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FILE A FLORIDA BANKRUPTCY

Fort Lauderdale Bankruptcy Attorney Donnie Goodwin

954-768-9940 | FileAFloridaBankruptcy.com
200 SE 6th Street • Suite 507 • Fort Lauderdale, FL 33301

WHO CAN FILE FOR CHAPTER 13?
FLORIDA BANKRUPTCY LAYWER
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Donnie Goodwin: A Fort Lauderdale bankruptcy attorney who can help you understand your financial options.

 

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KEEP YOUR HOME
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So many people are upside-down on their home mortgages these days. Before you walk away from your home, read this!

 

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BANKRUPCY MYTHS
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Read the FAQs about bankruptcy myths, and learn why bankruptcy may help give you a fresh start.

 

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CAN I FILE A CHAPTER 13 BANKRUPTCY?

From Goodwin Law Offices, Florida Bankruptcy Lawyer

 

BEFORE YOU READ THIS PAGE, PLEASE SEE THE BASICS OF CHAPTER 13 BANKRUPTCY

 

Who is eligible to file Chapter 13 Bankruptcy?

 

Any individual, including those who are self-employed or operating an unincorporated business, can be eligible for relief as long as the individual's debts are less than specific dollar amounts defined by the U.S. Bankruptcy Code. The eligible dollar amount limitations are fairly large and don't apply to most individuals. These limitations change periodically to reflect changes in the consumer price index.

 

A corporation or partnership may not become a Chapter 13 bankruptcy debtor. These and other types of business organizations must qualify under another provision of the U.S.Bankruptcy Code, usually Chapter 11 Bankruptcy. An individual cannot file under Chapter 13 or any other chapter of the U.S.Bankruptcy Code if, during the preceding 180 days, a prior bankruptcy petition was dismissed due to the debtor's willful failure to appear before the court or comply with orders of the court.

 

 

What debts are eliminated & what debts are paid in a Chapter 13 bankruptcy?

 

When you file a Chapter 13 bankruptcy the law requires that you list all of your debt. Your debt is separated into three categories for classification in a Chapter 13 bankruptcy repayment plan. The first category is secured debt that you are going to continue paying yourself, outside of the bankruptcy plan. These debts can include property you would like to keep, like your home or car. The second category is a class called unsecured debt you will pay through the Chapter 13 repayment plan. The most common examples would be past due mortgage payments, your financed furniture or even delinquent IRS taxes and past due child support.

 

The last category is the class of debt that you will repay a part of, if any, of the amount owed and the remaining amount will be eliminated in the discharge of your case under the court ordered plan. This third type of debt includes, credits cards, medical bills, payday advance loans, personal loans, legal judgments from repossession deficiencies and most other other unsecured debts.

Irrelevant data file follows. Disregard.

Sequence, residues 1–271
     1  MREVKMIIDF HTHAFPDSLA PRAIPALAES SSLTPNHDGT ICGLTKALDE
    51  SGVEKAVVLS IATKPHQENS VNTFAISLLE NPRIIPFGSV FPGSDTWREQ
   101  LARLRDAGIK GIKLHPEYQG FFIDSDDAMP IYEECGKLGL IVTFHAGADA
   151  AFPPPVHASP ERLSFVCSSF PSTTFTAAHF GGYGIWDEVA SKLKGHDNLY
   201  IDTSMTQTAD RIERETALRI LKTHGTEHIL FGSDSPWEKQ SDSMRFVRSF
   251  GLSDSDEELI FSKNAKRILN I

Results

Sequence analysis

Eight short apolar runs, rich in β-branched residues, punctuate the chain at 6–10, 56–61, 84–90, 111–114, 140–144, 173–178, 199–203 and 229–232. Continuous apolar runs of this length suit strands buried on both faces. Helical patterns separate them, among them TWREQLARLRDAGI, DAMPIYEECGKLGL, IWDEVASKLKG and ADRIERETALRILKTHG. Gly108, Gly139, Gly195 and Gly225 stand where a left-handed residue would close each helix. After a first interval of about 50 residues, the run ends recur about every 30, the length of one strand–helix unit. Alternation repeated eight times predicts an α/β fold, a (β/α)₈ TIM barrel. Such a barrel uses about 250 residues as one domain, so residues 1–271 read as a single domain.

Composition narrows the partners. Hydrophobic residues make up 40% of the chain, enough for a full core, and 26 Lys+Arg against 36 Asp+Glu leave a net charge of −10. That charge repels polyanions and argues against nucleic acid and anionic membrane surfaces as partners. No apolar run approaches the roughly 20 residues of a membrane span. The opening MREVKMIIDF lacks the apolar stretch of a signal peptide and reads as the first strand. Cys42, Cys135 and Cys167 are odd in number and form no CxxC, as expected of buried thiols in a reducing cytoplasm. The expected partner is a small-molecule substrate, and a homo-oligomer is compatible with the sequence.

How long does a Chapter 13 bankruptcy last?

 

A Chapter 13 bankruptcy plan generally calls for a repayment period of three to five years. You are required to to make a monthly payment under the plan for your case. The Chapter 13 bankruptcy plan's duration depends on the amount of debt that you have, the class of debt and your ability to pay. This court-approved and court-supervised repayment plan will vary depending on each individual's situation. To learn more about how this provision of the U.S.Bankruptcy Code may work for you, start your free consultation at the top of this page.

 

What amount do I have to pay each month, in Chapter 13 bankruptcy?

 

The amount you are required to pay under your Chapter 13 repayment plan is determined by your situation. This calculation may include the the past due payments owed on secured debt and the amount of secured debts that you decide to pay through your Chapter 13 plan. It is important to consider that your ability to pay those debts is based on your individual income and budget.

 

 

Goodwin Law Offices offers legal help in the following areas:

 

 

 


 

STOP CREDIT CARD COLLECTION CALLS!

If You Chose A Bankruptcy Option, The Collection Calls Will Be Halted

 

Creditors are not allowed to contact you once you have filed for bankruptcy. They must stop all collection calls. If they do call, they'll have to answer to the U. S. Bankruptcy Court judge and will probably have to pay fines as a result. Of course, you must go through the legal process of bankruptcy under the U. S. Bankruptcy code.

 

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ARE YOU FACING FORECLOSURE?

Read about foreclosure defense versus bankruptcy

 

Just because you are facing foreclosure does not mean a bankruptcy is the way to resolve the situation. Depending on your financial and legal situation, a direct foreclosure defense may suffice, in lieu of a bankruptcy. Goodwin Law Offices is ready to help you determine which option may be best for you.

 

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